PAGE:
In the Crusades, the port served to bring pilgrims and to store supplies. In 1104 this port was the main gateway to Israel. Then, in the Ottoman period, the port only served as a marina for boats.
From the port you can take a boat to go see the bay. They offered us the a very cheap tour and let us bring beers, so we said yes. They had fun Arabic music and since we had already drank some beers, we started dancing while we were sailing in the bay. The view of the city was very beautiful. It was a bit choppy, but hey, that added movement to the dance steps.
Hammam does not work today, it only serves as a museum. But in its time this Turkish bath was the center of life in Acre. It was built at the end of the 18th century by the governor of Acre, Jazzar Pasha. His name Hamam al-Basha means the hamam of Pasha.
The walls of the museum have illustrations made by the artist Tanya Slotzky describing what daily life was like in Acre during the Ottoman Empire. You can see the middle rooms, the dressing room and the hot room, which was the heart of the hamam. The story is told by the last bath assistant and can be heard in eight languages.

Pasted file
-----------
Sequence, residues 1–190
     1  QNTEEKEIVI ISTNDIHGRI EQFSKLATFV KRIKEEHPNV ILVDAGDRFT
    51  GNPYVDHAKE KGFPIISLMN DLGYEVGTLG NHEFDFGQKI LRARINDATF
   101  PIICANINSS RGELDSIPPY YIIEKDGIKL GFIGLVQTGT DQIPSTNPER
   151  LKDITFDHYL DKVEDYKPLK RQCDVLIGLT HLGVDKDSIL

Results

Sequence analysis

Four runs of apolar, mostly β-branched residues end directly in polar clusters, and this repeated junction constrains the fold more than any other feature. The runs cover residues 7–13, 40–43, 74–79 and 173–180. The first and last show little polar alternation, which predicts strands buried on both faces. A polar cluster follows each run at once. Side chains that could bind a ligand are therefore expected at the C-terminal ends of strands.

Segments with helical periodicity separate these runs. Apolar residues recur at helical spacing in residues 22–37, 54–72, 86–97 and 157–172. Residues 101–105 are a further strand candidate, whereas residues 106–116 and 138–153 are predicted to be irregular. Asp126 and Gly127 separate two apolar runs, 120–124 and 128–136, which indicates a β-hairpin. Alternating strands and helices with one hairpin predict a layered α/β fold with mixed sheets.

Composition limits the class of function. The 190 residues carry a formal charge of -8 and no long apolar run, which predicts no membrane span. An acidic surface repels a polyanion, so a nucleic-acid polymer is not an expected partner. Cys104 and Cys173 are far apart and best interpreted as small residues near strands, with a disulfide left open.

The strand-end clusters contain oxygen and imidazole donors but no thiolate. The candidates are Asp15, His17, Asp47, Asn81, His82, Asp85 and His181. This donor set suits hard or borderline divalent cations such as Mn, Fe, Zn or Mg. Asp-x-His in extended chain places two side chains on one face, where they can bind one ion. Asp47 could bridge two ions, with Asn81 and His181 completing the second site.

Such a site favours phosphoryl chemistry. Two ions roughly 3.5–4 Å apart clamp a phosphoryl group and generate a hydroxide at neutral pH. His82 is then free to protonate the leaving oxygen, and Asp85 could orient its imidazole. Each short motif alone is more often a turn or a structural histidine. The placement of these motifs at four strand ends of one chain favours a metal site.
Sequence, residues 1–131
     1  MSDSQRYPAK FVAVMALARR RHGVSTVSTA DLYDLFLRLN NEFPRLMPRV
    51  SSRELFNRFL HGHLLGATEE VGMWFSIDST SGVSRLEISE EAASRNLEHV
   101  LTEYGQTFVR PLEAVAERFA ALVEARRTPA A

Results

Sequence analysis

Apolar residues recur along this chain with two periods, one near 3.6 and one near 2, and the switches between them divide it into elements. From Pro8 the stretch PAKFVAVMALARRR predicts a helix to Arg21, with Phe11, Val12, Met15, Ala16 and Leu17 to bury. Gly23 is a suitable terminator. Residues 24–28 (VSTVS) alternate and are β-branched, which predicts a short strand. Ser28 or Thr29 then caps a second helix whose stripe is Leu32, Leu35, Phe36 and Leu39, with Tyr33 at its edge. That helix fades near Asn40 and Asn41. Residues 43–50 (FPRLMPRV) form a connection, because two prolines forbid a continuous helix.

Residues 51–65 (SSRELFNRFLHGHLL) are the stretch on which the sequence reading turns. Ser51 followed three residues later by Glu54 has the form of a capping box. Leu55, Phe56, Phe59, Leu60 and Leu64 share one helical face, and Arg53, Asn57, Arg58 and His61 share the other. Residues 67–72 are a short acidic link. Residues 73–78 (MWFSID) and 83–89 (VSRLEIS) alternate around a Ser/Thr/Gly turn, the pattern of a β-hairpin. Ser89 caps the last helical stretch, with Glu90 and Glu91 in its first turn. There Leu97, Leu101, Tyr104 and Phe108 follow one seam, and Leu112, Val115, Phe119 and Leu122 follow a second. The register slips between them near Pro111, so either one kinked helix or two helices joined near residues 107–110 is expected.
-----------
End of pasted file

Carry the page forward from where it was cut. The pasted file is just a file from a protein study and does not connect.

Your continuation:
Churches, synagogues and mosques in Acre
There are two synagogues that you can visit: Or Torah – “Jariva” and Ramchal. Or Torah is a synagogue from Tunisia that is covered with mosaics inside and outside. They spent 54 years making these mosaics in the Kibbutz Eilon. Mosaics and stained glass windows feature History of the Jewish people with passages from the Torah. The synagogue has 7 coffers with the Torah and houses hundreds of millions of natural stones from all over Israel.
The Ramchal synagogue is located on Market Street, the main street of the colonial city of Acre, which runs from north to south. The name comes from Rabbi Ramchal who lived in Acre from 1743 to 1747. It is not very pretty, nor large but has been renovated. At that time there was another major synagogue but a Bedouin ruler turned it into the el-Mualek mosque in 1702. It is currently known as the mosque of the sea and was the first in Acre.